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Orthotopic liver transplantation is the only available treatment for severe liver failure, but it is currently limited by organ shortage. One technical challenge that has thus far limited the development of a tissue-engineered liver graft is oxygen and nutrient transport. Here we demonstrate a novel approach to generate transplantable liver grafts using decellularized liver matrix. The decellularization process preserves the structural and functional characteristics of the native microvascular network, allowing efficient recellularization of the liver matrix with adult hepatocytes and subsequent perfusion for in vitro culture. The recellularized graft supports liver-specific function including albumin secretion, urea synthesis and cytochrome P450 expression at comparable levels to normal liver in vitro. The recellularized liver grafts can be transplanted into rats, supporting hepatocyte survival and function with minimal ischemic damage. These results provide a proof of principle for the generation of a transplantable liver graft as a potential treatment for liver disease.
About thirty million people in the United States have liver disorder, with roughly 27,000 deaths registered annually due to liver disease1. The only definitive treatment for severe hepatic failure is transplantation. However, critical shortage of organs causes a growing deficit of approximately 4,000 livers per year2. Hepatocyte transplantation offers an alternative way to treat patients with liver diseases3,4, and years of laboratory and clinical studies have demonstrated its efficacy5–7. However, a limited cell supply and minimal engraftment efficiency have limited this approach3,8,9. Whereas the cell supply limitation can potentially be resolved by a number of alternative cell sources10–13, low engraftment efficiency14 remains a major concern.
Tissue engineering approaches have thus far been able to partially improve cell engraftment in animal models by enhancing cell-to-cell contact and providing nonimmunogenic matrices before transplantation15. However, these approaches have been limited by oxygen and nutrient diffusion to thin, two-dimensional structures that are transplanted into highly vascularized regions16–18. Practical consideration of primary hepatocyte oxygen consumption requires that any hepatic mass, sufficiently large to provide metabolic function, contains an extensive microvascular network and be connected to the blood supply, or the internal mass of the cells will suffer ischemic damage19,20.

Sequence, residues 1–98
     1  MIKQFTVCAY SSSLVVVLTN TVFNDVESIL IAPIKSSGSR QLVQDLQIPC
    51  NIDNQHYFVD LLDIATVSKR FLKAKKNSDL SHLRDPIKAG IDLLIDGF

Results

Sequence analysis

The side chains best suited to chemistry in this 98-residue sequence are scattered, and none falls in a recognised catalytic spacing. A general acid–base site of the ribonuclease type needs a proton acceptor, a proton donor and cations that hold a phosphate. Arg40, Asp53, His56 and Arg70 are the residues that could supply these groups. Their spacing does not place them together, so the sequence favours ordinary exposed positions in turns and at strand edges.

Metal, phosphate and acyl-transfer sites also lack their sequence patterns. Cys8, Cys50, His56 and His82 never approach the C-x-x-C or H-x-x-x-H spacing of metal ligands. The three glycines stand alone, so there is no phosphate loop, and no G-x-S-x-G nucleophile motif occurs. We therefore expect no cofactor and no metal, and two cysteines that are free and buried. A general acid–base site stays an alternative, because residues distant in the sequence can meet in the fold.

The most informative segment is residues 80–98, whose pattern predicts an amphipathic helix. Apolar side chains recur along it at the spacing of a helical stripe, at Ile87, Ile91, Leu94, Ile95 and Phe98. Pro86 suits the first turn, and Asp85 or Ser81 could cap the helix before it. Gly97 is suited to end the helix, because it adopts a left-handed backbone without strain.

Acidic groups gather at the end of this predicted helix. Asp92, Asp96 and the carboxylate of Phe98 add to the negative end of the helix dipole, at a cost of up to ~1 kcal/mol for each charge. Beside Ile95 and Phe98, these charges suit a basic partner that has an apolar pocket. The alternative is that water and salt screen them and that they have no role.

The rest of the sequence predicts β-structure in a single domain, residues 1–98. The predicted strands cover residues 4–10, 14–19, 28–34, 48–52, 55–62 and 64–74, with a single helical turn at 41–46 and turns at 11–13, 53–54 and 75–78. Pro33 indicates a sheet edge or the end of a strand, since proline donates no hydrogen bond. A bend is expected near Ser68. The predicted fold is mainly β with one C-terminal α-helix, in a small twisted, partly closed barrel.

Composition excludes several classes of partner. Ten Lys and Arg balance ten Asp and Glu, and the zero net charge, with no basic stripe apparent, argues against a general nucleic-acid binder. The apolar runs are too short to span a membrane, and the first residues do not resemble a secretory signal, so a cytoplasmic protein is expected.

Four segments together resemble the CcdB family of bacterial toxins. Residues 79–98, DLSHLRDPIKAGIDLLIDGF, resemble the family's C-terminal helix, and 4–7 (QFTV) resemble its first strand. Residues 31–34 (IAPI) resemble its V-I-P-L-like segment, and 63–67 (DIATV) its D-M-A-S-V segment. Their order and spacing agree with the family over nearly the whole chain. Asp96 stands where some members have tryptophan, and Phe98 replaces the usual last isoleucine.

Decellularization is an attractive technique for scaffold preparation in tissue engineering, as the resulting material can potentially retain the architecture of the original tissue, including the functional aspects of the native microvasculature21. The potential applications of decellularized matrix in tissue engineering have been demonstrated for a number of tissues, including bladder22, artery23, esophagus24, skin25 and trachea26. More recently, another group reported the decellularization of an entire heart through perfusion, preserving the original architecture and original microvascular network and allowing for extensive recellularization27.
In this work, we modified and applied their perfusion decellularization technique27 to prepare whole liver grafts, and we further introduced perfusion-seeding and culture techniques for the preparation of recellularized liver matrix for transplantation. A key advantage of this methodology is the preservation of liver-specific extracellular matrix and three-dimensional architecture, providing crucial cues for hepatocyte engraftment, survival and long-term function. Most importantly, the decellularized liver matrix (DLM) has the underlying matrix of the vascular network, which can be readily connected to the circulation, facilitating rapid oxygen and nutrient delivery after transplantation. The large pool of donor organs unsuitable for transplantation, such as donors after cardiac death, provides a source for decellularized liver matrices28, rendering this approach feasible.
Our work demonstrates the decellularization of ischemic rat livers by portal vein perfusion and its characterization. We show the preservation of both structural and basement membrane–based components of the native liver extracellular matrix, as well as the retention of a functional microvascular network. DLM supported efficient engraftment and in vitro metabolic function of adult primary hepatocytes. Retention of vascular structures allowed for transplantation of recellularized liver graft in rats, and post-transplantation analysis demonstrated preservation of hepatocyte structure and function with minimal indications of ischemic damage. Preliminary recellularization with endothelial cells also indicated attachment and viability within the recellularized matrix in vitro. Overall, the methods and techniques developed in this study present what is to our knowledge the first step toward manufacture of auxiliary liver grafts as an alternative source of organs for liver transplantation.